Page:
Andrew Dicusses Bronies

Andrew recently spoke to Pigeons and Planes about his experience at Canterlot Gardens and what the indie music scene can learn from the magic of My Little Pony. Enjoy an excerpt below and continue reading the full article here.

While a hearty creative fire may be necessary to create compelling music, it can be quickly doused if there is no community to accept and nurture it. The second defining element of the brony fandom is its tradition of acceptance. This acceptance extends not just to all those obsessed with the show, but also to outsiders interested in engaging with the community. Andrew W.K. found this out firsthand when he spoke at the My Little Pony convention “Canterlot Gardens” in 2012.

Andrew W.K. was unsure how his speech would go, as he’d previously experienced niche groups where much of the excitement seemed to come from the exclusivity of the club. There was none of that with the bronies. He was taken aback by their level of enthusiasm and open-mindedness. “No one was there with questions to try to trip me up. No one was trying to put me on the spot in a way that would make me uncomfortable. It seemed like almost the main goal everyone had for me was to feel welcome. They want to share the way they’re feeling with other people. They want other people to feel that good.” After Andrew W.K. gave his speech about Pinkie Pie, a pony from the show he identified as sharing his “good cheer, high energy, and desire to party,” to celebrate “not being dead,” he asked if he could be an honorary brony. The bronies wouldn’t have any of it. They told him there was no such thing as an honorary brony, that he was “just a brony.” “They wouldn’t even accept the idea that anyone would be left out if they wanted to be part of this,” Andrew W.K. says.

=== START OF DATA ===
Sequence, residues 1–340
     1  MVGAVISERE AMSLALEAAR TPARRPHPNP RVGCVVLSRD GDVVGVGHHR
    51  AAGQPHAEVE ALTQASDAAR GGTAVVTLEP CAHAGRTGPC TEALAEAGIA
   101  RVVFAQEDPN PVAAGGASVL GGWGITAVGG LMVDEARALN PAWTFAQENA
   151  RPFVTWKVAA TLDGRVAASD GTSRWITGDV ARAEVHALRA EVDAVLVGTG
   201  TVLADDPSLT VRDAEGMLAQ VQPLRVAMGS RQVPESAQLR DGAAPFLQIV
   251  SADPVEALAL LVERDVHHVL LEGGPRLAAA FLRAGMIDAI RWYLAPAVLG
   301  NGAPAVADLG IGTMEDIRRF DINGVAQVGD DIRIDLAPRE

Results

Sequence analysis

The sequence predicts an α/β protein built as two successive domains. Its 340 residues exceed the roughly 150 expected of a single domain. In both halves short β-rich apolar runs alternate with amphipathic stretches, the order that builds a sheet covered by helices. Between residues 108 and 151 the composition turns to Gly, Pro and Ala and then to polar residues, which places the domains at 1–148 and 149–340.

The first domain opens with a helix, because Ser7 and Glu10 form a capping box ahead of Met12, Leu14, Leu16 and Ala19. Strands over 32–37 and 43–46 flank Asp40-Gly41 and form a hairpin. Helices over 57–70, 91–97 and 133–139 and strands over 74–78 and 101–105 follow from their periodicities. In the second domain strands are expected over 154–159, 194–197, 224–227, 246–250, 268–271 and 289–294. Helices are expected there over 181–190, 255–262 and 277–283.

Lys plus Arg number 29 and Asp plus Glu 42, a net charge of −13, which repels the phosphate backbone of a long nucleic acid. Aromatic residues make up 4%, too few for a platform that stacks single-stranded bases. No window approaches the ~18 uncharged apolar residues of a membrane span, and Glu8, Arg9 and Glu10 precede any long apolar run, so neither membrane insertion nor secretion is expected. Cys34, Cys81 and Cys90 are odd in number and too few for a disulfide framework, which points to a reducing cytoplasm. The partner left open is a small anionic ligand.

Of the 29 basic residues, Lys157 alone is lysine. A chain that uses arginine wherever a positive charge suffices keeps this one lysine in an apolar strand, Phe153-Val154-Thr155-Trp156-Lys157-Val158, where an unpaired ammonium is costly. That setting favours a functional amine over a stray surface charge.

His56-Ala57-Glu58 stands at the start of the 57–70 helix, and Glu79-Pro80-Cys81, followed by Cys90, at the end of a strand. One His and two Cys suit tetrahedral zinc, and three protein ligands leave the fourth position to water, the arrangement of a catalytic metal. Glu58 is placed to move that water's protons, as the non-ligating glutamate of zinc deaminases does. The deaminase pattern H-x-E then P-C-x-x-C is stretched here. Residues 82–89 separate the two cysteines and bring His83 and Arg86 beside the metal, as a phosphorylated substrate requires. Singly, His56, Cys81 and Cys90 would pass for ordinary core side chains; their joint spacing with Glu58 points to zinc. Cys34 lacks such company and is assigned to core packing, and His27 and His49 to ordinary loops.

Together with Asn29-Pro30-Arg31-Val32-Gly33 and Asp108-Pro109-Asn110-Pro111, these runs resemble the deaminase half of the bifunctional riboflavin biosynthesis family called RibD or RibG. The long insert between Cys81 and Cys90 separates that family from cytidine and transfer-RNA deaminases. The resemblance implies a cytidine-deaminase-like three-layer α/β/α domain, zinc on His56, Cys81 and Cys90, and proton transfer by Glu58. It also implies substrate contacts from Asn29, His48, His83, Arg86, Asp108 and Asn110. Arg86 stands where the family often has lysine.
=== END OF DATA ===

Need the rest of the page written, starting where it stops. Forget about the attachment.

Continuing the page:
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Andrew has spoken in the past of his support for the growing “Brony” sub-culture which is the unexpected male obsession with My Little Pony and “Friendship Is Magic,” and gave a lecture on partying called “What Would Pinkie Pie Do?